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New glogal communication technologies

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Introduction

The desire for humans to communicate and interact with people from other cultures and countries is no new phenomenon. Since the dawn of civilisation, explorers and traders have been globalizing the world. The technology of the late 1900's however, revolutionised the speed and nature of globalisation through the increased flow of new communication technologies. 'The intensification of global interconnectedness,'(Mcrew, 1995, quoted by Tomlinson, J. 1999, p 2) is a simplified definition of globalisation today. Due to rapid technological advances of the last 20 years, especially in the area of communication and travel, globalisation has gained momentum and now infiltrates obscure and distant communities around the world. The importance of national borders and boundaries has been severely tarnished and new lines have been drawn, adhering more to optic cables, telephone lines, satellite reaches and, (as fuel for the technology), natural resources. Theories on Western Cultural Imperialism, Anglification and Globalisation often adhere to a pessimistic view, which believes in the imminent homogenisation of culture through dominant technological, political and economic structures. Through such superior control of these outlets, they belive that the Western concepts of capitalism and consumerism are likely to encroach upon previously harmonious and separate cultures, threatening their traditional ways of life and making them vulnerable to the better informed and financed powers. In a technocentric society, where communications and information means power and the 'digital divide' leaves 'developing' communities at a disadvantage and the possibility of exploitation is a serious threat. ...read more.

Middle

The disparity in access to information and technology distribution is intrinsic to this scenario, with a kind of global hierarchal structure, America and the West being dominant. American Marxist media theorist Herbert Schiller pressed the case that through transnational corporations' (most being American or from the west) the 'homogenised north Atlantic cultural slop' (Shiller 1985, quoted by Tomlinson, J. 1999, p 81) of American culture is imposed upon the rest of the world. Some policies of US governments have challenged other countries use of governmental control or regulations, in favour of more US-friendly and profitable means, effectively altering the societal evolution of the countries. Most of this is facilitated through their access to superior access to technology in all areas from intelligence, media, Military arms, and trade market force. The most recent example of this is occurring right now, in Iraq. Under the guise of liberation, democracy, global justice and security, the U.S plans to implement a more America friendly democracy in place of the Saddam's Anti-American party. John Ikenberry, well known international affairs specialist, notes America's 'grand strategy that begins with a fundamental commitment to maintaining a unipolar world in which the United States has no peer competitor." (Quoted by Chomsky, N, 2003, p 11) A clear example of an effort to impose hegemony in government control and ensure proliferation of the 'New World Order' of today. ...read more.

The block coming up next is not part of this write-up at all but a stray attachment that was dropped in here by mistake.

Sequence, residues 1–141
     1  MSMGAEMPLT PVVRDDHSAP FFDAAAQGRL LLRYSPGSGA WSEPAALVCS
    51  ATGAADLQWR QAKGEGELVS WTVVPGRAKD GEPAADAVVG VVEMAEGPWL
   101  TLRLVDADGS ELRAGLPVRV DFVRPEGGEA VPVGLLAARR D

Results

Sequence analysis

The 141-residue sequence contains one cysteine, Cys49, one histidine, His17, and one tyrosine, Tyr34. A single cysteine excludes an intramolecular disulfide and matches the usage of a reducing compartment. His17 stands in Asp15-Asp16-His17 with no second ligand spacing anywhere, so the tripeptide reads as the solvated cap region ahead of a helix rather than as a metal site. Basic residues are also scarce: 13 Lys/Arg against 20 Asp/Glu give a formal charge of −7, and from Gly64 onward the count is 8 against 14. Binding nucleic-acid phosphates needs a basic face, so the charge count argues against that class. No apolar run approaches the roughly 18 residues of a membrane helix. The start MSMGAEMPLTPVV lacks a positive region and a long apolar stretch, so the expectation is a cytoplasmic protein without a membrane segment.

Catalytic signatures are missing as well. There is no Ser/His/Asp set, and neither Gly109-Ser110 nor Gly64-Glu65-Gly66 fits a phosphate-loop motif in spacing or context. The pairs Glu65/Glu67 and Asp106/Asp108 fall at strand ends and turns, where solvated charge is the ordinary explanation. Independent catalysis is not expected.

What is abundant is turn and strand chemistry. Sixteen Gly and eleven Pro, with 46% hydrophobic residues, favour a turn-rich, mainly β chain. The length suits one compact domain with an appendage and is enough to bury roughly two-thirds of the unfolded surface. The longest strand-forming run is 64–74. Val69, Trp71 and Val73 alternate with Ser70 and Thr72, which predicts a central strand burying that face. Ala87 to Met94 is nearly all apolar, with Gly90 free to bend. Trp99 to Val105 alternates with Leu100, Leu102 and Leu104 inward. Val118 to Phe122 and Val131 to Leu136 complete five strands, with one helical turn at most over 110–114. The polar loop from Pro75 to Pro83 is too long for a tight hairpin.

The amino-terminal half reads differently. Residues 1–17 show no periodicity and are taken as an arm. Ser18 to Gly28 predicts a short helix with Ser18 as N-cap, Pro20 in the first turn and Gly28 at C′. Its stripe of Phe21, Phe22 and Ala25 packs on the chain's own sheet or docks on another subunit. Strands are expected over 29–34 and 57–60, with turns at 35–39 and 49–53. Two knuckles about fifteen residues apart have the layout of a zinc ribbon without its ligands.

Conclusion

Similarly, through increased information flow, the marginalised, remote, poor and threatened cultures are invited into our living room or office to have their voice heard. Increased communication and influence doesn't necessarily result in uniformity of masses. The strength and power of religions such as Islamism and the resurgence of patriotic nationalism are two examples of many that have resisted and even thrived upon the threats of homogenisation. While western influence can infiltrate even the most remote African village, it is an insult to a community's integrity, intelligence and culture to assume that they will adopt it. Many millions of cultures and tribes around the world choose live in relative autonomy irrespective of the changes in the world around them. Tribalism and traditional ways of life are still dominant in regional areas of countries whose governments subscribe to Western or capitalist culture. The dynamic nature of the concept of culture and tradition itself relies upon varying degrees of influence and connectivity. While technology, communications and media have influence and a varying degree of control, the elimination of tradition is unlikely for those who have faith and loyalty in their culture or beliefs. For those, who have had tradition or culture thrust upon them by virtue of nationality or religion, the choices provided by technology may indeed inspire them to reject inappropriate or oppressive traditions in favour of an identity of their own. Individual strength and integrity shouldn't be underated, even in today's sensationalised climate of change. ...read more.

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